Aristide Agonistes; Are U.S. Officials Working Up to an Indictment of the Ex-President for Alleged Links to Drug Runners?
Contreras, Joseph, Newsweek International
Byline: Joseph Contreras
Ever since a nationwide rebellion forced Haiti's President Jean-Bertrand Aristide to flee the impoverished island country in February 2004, federal prosecutors in Miami have systematically tracked down and imprisoned some of his top law-enforcement officials on money-laundering and drug-trafficking allegations. To date, the U.S. Attorney's Office in the Southern District of Florida has obtained the convictions of four former police officials--including the former director of the Haitian National Police and the head of security at the presidential palace under Aristide--and a onetime senator belonging to the deposed Haitian president's Lavalas party on charges that they shook down prominent Colombian and Haitian traffickers for bribes. Earlier this month, prosecutors suffered a setback when a jury acquitted Aristide's former counternarcotics czar on similar allegations. But the U.S. Attorney's Office promptly issued a statement defending what it called "an aggressive approach to these cases" and vowing to "continue to pursue them." Which raises a pointed question: will federal prosecutors now seek an indictment of Aristide himself?
Spokesmen for the U.S. Attorney's Office have consistently declined to comment on recurring press reports that Aristide is a target of the federal grand jury that returned the indictments against his underlings. That tons of U.S.-bound cocaine moved through Haiti during Aristide's second term as president from 2001 to 2004 comes as no surprise: prior to his fall from power, the U.S. Drug Enforcement Administration (DEA) had listed Haiti among the top three drug-trafficking countries worldwide. But Aristide, exiled in South Africa, has consistently denied any personal knowledge of or involvement in narcotics trafficking or drug- related corruption. And no evidence has yet been presented in court that directly implicates him in such activity.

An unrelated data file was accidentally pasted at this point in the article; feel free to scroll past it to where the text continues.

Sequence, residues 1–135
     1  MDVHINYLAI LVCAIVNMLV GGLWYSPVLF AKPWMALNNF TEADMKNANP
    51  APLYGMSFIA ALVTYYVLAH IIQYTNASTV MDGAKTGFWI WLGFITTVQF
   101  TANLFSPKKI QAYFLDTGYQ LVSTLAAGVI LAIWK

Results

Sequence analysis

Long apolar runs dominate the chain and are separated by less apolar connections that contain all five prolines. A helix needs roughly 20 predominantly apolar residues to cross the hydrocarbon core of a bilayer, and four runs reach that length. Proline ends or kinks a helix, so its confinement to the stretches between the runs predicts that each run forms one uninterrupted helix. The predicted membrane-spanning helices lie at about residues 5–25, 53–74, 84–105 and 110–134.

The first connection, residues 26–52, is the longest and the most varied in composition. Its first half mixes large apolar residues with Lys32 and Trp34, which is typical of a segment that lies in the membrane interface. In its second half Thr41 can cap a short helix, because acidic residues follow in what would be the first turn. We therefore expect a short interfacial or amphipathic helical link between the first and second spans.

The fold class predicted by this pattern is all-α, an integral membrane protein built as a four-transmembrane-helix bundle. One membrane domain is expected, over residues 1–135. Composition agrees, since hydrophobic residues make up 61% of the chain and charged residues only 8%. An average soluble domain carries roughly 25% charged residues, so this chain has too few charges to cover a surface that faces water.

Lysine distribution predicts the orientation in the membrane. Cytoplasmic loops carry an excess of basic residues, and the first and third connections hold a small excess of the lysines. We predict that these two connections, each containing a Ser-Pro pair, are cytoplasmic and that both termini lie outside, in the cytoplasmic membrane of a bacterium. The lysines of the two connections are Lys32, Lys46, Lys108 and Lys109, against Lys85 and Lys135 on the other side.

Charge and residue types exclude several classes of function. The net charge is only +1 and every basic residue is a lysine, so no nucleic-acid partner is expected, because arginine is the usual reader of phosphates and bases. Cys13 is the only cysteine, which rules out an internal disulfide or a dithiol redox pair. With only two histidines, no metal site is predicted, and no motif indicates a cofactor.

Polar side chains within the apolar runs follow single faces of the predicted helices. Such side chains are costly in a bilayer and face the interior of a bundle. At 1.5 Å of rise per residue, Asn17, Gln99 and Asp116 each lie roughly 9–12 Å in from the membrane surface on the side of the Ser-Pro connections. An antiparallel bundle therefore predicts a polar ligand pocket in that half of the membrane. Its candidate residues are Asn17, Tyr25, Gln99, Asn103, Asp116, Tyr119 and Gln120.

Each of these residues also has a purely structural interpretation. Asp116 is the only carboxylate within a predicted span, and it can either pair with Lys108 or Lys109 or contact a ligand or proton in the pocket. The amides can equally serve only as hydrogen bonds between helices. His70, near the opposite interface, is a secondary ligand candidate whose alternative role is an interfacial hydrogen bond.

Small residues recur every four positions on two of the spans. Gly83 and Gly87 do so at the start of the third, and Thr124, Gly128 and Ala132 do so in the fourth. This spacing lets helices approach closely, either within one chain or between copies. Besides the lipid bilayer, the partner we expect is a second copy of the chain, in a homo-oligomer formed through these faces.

Still, in the trial that ended on Oct. 7, his presidential-palace security chief, Oriel Jean, appeared as a government witness and testified that Aristide personally approved issuing a palace identification badge to a Haitian businessman named Serge Edouard who was later convicted of drug trafficking. And according to a confidential DEA document, dated May 3, 1994, obtained by NEWSWEEK, allegations that Aristide accepted payments from drug traffickers date back to his first term as president in 1991.
In April 1994, DEA agents conducted a series of debriefings with a Colombian informant in the offices of the Colombian attorney general in Bogota. The informant, midlevel trafficker Juan Molina, who had abandoned the drug trade, told the DEA agents that Aristide had received two six-figure payments from representatives of the Medellin-cartel kingpin Pablo Escobar. The first payment of $600,000 was allegedly made in December 1990 when Aristide was a candidate for the presidency of Haiti. …